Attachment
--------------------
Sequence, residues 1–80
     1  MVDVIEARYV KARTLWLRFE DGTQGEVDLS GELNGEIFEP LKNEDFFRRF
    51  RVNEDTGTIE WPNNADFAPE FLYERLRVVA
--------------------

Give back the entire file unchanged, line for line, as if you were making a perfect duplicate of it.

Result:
Sequence, residues 1–80
     1  MVDVIEARYV KARTLWLRFE DGTQGEVDLS GELNGEIFEP LKNEDFFRRF
    51  RVNEDTGTIE WPNNADFAPE FLYERLRVVA